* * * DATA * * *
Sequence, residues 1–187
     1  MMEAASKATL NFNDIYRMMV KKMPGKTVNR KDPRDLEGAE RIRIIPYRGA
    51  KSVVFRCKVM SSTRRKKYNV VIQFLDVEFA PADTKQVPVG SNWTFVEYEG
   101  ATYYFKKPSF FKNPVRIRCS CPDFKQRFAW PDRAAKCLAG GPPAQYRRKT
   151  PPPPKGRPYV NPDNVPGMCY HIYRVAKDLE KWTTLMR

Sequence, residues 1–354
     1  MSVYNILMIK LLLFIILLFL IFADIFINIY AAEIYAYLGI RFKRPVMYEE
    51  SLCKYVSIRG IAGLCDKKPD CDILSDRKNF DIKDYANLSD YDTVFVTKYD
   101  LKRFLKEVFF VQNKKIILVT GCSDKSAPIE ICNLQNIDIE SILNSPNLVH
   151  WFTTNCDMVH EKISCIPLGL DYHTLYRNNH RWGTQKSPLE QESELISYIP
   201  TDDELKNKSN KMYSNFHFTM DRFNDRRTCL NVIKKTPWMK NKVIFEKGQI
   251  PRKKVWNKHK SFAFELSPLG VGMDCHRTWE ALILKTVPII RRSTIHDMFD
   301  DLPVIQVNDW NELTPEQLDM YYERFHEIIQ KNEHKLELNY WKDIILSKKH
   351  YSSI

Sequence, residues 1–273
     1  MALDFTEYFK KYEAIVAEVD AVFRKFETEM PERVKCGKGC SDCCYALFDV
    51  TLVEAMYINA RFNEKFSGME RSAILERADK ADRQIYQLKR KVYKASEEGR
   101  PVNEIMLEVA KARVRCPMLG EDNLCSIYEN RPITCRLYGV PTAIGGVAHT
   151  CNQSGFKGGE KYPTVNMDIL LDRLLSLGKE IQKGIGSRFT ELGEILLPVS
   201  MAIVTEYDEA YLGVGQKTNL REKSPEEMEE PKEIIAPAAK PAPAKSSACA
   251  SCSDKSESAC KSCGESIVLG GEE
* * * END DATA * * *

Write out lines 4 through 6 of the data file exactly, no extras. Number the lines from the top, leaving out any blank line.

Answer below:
   101  ATYYFKKPSF FKNPVRIRCS CPDFKQRFAW PDRAAKCLAG GPPAQYRRKT
   151  PPPPKGRPYV NPDNVPGMCY HIYRVAKDLE KWTTLMR

Sequence, residues 1–354